The second hole was brought on by the medicine itself. It caused severe back pain that rendered sleep almost impossible. Pain medication dulled it some, but made me nauseated, so anti-nausea drugs were prescribed. After the third shot on Tuesday, I was one sick puppy, complete with fever and chills. A call to the clinic Wednesday morning resulted in a quick trip to Corinth for more labs and to be seen by the nurse practioner. Who could take us on such short notice? I called a friend in our Thursday Bible study and she didn't even hestitate--just said, "Ill be there in fifteen minutes." After a bag of fluids that included more anti-nausea meds and vitamins we were on our way home. Another pothole filled.

Incidentally, the shots were discontinued. The white count has risen some and today I have felt much better. There may be bigger potholes in the road ahead. If the chemo takes such a quick hit at my cell counts and I cannot tolerate the drug that remedies that problem, the hole can become too big to fill, but for now the holes are full and the path continues, winding as it is.

God has me by the hand, leading me around the curves, helping me avoid potholes when I can, teaching me how to live with them when I can't and He will keep them filled so I can drive across them. Please pray that I can tolerate the treatments and that my cell counts will not drop.

Pastor Margaret

Saturday, October 17, 2009

What's Next?

This morning I think I know how the Israelites must have felt when they had no food nor water, grumbled, then relied on God's provision when all else failed. Yesterday we encountered yet one more bump in the road in this journey of treating my cancer--a neutrophil count too low to receive the chemo. I was/am not happy! In the midst of learning a few weeks ago that treatment would have to resume, hope loomed bigger than life itself: hope that is founded in a faithful God; and hope that the new treatment would straighten out some of the crooked paths in the journey. The hope in God's care and healing is as constant as ever, even if I do wonder a bit more about what's around the next bend and why I'm being led there. But, the hope in the treatment has diminished. How like the Israelites! Do I just trust completely when all else fails?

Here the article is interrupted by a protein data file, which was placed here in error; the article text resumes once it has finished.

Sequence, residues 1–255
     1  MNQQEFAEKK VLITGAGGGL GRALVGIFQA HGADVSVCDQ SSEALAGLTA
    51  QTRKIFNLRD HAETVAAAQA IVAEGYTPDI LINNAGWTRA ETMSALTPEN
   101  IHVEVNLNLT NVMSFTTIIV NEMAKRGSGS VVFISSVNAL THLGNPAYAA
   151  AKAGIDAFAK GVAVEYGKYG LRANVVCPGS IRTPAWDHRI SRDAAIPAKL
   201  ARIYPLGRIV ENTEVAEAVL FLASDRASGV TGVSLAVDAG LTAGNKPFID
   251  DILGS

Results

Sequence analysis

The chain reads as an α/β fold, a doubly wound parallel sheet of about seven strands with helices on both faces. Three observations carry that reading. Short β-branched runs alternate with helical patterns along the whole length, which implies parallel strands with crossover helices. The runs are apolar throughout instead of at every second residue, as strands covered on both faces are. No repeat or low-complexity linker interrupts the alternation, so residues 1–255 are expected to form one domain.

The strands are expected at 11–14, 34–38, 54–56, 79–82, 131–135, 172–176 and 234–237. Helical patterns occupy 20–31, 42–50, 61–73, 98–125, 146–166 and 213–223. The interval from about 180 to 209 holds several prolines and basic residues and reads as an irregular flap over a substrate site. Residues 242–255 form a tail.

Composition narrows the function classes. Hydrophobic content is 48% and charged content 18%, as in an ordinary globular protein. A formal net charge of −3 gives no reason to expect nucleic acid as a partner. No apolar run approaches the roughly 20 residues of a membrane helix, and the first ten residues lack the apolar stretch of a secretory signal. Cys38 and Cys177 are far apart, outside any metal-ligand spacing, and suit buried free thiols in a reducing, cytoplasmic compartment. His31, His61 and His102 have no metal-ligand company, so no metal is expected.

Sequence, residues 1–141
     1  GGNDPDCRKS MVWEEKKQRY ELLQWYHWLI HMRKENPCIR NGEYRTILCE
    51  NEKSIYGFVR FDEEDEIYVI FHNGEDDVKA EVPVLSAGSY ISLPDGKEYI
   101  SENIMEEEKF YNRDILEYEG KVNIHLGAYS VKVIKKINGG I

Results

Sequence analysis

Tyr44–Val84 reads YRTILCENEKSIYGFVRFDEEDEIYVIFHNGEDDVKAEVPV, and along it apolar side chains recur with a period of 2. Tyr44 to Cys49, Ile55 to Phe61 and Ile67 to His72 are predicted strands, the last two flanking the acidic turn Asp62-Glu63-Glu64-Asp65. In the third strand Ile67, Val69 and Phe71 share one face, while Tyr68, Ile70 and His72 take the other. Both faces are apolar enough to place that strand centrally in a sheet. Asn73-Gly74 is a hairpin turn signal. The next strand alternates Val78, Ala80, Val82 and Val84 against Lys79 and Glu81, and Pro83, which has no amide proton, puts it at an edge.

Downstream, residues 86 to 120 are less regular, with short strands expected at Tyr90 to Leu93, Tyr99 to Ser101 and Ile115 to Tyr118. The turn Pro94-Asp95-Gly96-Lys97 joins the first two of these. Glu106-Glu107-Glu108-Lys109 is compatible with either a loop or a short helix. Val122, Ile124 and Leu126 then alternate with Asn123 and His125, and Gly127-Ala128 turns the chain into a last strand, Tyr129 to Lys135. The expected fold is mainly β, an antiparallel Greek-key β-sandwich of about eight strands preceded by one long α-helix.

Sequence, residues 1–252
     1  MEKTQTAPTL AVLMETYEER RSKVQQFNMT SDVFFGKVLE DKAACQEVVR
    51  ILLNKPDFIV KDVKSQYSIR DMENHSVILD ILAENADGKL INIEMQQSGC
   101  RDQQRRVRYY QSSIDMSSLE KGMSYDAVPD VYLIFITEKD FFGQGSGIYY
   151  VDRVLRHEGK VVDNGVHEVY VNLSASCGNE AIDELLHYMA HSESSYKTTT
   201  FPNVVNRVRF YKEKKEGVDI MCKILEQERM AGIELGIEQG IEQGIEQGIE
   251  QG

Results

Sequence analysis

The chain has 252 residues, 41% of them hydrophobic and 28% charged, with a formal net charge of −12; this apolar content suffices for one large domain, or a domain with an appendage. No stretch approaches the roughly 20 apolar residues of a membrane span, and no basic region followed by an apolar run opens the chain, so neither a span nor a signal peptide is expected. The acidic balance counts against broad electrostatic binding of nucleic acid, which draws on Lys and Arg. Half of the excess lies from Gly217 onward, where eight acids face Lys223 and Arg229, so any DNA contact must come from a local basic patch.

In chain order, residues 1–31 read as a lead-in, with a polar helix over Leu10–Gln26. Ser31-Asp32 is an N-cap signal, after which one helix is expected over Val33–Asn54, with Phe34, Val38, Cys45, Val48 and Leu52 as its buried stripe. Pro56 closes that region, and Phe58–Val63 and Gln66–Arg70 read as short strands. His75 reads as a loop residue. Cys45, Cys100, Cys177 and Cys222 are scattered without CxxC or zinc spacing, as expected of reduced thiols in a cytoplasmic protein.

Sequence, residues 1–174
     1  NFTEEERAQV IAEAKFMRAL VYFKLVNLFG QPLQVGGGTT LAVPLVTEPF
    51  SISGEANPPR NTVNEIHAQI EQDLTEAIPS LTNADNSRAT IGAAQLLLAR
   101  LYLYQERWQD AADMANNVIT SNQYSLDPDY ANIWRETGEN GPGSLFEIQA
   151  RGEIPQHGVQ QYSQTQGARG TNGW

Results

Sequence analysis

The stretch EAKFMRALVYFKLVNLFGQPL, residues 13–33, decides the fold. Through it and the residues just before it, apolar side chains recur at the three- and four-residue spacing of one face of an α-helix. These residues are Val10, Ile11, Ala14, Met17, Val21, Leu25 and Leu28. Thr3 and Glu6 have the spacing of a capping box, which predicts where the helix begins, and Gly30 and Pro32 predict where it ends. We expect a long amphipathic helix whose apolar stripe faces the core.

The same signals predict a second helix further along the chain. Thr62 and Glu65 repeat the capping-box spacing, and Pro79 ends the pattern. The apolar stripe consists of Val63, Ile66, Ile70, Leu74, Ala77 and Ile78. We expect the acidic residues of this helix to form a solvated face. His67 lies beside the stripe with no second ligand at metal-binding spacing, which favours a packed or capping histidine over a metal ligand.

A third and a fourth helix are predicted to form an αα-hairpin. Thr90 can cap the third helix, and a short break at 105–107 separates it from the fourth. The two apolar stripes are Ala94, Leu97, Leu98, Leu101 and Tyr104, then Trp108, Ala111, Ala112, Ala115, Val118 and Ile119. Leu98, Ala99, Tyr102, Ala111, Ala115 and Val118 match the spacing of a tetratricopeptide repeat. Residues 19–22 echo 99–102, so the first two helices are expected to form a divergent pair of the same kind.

Briefly, this is the story. A treatment cycle consists of three sets of infusions, given a week apart. The first and the third includes both the non-chemo drug that is supposed to cut off blood supply to the tumors; the chemo drug is given all three times. After two infusions of chemo my blood counts took a tumble and the ones most important to receiving chemo fell to unsafe levels, meaning I could not get the third infusion yesterday and had to start shots to boost my white count. There was also a warning about the platelet count. I had thought that the chemo drug this go around was more gentle on the system. The nurses said, "Maybe so, but your system is already compromised by all the chemo you have had in the past." Not exactly words I wanted to hear.

Immediately, questions began to nag at me. Does this mean I've reached the point where being treated is worse than waiting on the disease to take over my body? Will I have to choose between quality of life and quantity sooner, rather than later? Am I depending more on the manna than the God who provides it? What does this mean to everyday life?